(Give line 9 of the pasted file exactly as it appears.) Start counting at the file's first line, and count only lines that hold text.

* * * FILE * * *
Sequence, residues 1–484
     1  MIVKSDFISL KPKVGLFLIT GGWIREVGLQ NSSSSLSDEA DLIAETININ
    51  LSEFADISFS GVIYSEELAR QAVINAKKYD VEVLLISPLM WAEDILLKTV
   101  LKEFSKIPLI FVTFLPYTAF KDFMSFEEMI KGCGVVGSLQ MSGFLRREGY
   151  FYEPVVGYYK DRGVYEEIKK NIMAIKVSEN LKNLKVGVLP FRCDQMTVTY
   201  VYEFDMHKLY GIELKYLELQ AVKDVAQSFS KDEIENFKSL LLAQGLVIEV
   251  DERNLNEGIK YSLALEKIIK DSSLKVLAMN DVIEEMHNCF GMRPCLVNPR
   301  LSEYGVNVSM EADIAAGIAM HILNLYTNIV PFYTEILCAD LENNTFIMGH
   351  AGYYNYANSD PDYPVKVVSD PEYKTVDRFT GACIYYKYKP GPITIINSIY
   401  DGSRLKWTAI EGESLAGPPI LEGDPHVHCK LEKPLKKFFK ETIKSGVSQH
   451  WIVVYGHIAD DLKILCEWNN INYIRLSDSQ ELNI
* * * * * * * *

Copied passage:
   351  AGYYNYANSD PDYPVKVVSD PEYKTVDRFT GACIYYKYKP GPITIINSIY